, R-Gold River, compared the country's path to fiscal responsibility on Tuesday to a boxing match, telling his constituents in Carmichael that a vote to increase the debt ceiling is just the first round of the fight.
Lungren's "aye" in the historic vote for the Budget Control Act of 2011 was a step in the right direction, he told the crowd at the luncheon, held at . He stressed solidarity among the government branches amid the gaping federal deficit, and used Greece, Spain and Ireland as examples of weak leadership tied to financial ruin.
Sure, he had a better idea for solving the debt, Lungren said. But then again, he joked, there were 435 better ideas.
"We're really going to have to be reflective of a major change in D.C.," Lungren said.
Inflation fears are growing in D.C., Lungren said. The Federal Reserve is facing an "insidious temptation" to print money, he said, which then spark worries that the value of U.S. currency could plummet further.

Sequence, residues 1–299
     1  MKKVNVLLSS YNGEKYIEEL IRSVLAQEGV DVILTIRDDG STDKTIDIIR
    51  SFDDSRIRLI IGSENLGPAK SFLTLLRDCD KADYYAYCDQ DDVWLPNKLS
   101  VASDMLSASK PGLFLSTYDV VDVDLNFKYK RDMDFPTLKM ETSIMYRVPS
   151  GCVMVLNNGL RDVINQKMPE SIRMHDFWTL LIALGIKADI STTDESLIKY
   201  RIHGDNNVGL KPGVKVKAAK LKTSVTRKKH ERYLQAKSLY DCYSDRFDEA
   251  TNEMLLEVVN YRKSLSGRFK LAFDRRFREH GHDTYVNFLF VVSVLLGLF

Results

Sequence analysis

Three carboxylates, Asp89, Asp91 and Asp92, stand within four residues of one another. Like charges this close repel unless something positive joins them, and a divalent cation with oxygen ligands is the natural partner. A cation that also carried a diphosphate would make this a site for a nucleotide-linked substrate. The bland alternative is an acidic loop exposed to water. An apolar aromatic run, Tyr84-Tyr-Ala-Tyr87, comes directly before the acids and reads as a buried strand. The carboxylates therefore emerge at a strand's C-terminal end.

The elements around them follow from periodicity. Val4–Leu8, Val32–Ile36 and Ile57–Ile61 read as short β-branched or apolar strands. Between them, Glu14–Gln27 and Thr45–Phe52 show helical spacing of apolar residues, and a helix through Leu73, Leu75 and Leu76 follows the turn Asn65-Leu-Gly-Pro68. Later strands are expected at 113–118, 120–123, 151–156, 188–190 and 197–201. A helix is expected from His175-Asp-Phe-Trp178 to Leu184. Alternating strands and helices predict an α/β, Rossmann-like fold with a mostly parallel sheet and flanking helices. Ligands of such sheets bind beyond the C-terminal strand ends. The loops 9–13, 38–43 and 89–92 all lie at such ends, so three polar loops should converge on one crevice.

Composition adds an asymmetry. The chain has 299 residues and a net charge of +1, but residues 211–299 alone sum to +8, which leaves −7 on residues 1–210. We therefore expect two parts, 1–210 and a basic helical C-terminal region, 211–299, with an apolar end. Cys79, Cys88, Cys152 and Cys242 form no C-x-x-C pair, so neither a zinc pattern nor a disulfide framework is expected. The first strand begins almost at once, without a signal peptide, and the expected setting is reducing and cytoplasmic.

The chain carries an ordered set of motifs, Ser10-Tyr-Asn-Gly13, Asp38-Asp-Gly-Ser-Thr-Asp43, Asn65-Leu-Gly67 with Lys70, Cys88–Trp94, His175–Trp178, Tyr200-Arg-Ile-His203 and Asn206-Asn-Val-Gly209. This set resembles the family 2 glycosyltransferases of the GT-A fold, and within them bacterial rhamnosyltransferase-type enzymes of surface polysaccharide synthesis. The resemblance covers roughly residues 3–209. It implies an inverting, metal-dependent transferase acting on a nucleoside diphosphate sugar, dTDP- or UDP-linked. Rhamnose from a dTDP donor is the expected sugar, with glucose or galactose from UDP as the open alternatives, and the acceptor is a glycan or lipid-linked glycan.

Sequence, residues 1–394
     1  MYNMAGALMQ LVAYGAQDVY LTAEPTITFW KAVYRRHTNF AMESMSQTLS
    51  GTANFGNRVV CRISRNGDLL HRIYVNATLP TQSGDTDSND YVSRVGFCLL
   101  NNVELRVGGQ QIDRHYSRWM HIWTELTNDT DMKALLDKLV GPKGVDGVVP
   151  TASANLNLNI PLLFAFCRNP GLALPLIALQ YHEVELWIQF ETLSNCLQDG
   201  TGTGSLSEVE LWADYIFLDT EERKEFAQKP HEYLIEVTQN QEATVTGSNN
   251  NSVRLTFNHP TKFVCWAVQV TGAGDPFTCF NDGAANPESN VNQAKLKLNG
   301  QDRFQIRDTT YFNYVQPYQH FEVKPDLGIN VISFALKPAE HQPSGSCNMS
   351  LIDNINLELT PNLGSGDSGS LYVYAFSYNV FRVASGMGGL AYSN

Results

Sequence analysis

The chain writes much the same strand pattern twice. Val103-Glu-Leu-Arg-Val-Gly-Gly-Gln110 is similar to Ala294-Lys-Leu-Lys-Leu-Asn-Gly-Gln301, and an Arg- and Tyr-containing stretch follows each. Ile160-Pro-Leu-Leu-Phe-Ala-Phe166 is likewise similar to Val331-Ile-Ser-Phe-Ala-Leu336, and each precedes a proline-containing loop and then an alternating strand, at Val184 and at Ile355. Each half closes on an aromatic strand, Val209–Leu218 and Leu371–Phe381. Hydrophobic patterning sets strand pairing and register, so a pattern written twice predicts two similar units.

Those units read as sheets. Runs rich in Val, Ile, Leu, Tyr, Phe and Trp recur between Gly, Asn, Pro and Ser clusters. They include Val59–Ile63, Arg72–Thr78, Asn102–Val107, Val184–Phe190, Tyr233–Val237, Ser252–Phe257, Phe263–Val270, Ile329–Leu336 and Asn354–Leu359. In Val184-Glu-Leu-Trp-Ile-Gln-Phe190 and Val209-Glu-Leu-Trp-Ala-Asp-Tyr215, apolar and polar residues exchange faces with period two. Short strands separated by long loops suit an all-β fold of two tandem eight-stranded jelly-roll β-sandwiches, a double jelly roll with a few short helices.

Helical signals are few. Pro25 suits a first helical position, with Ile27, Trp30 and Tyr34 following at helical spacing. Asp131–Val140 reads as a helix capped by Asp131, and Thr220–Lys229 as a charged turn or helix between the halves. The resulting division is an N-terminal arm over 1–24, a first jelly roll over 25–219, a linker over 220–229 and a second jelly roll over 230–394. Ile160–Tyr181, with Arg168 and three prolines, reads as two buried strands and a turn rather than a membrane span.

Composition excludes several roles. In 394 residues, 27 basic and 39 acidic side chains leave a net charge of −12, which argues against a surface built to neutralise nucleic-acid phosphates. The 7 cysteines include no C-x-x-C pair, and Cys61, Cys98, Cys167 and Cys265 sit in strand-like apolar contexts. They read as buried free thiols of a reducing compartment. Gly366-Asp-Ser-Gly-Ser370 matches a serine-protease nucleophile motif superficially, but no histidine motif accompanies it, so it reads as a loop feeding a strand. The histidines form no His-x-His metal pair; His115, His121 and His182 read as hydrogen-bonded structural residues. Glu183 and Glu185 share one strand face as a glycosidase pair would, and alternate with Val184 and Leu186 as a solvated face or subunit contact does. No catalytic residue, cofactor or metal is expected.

Back at home, Lungren said he heard from at least one business owner who said it would be impractical to add jobs right now because of staggering costs and taxes. That's why the government needs to step up, the congressman said.
"If we continue to allow that to happen, it'll become a stagnant economy," Lungren said.
The congressman said he remains hopeful about a turnaround in the economy.
"There's no reason why we shouldn't look back on what made America great," Lungren said.
Lungren is hosting a town hall meeting Wednesday at 7 p.m. at Carmichael's . The Sacramento Business Journal reported Monday that union members are planning a rally there to decry cuts in the federal workforce. However, Lungren said he's not worried about demonstrators concerned with Medicare, who have been at other town halls.
Lungren started off his speech Tuesday by letting the crowd know that his staff in Washington, D.C. was told to evacuate the building after a 5.8 earthquake that struck earlier in the day.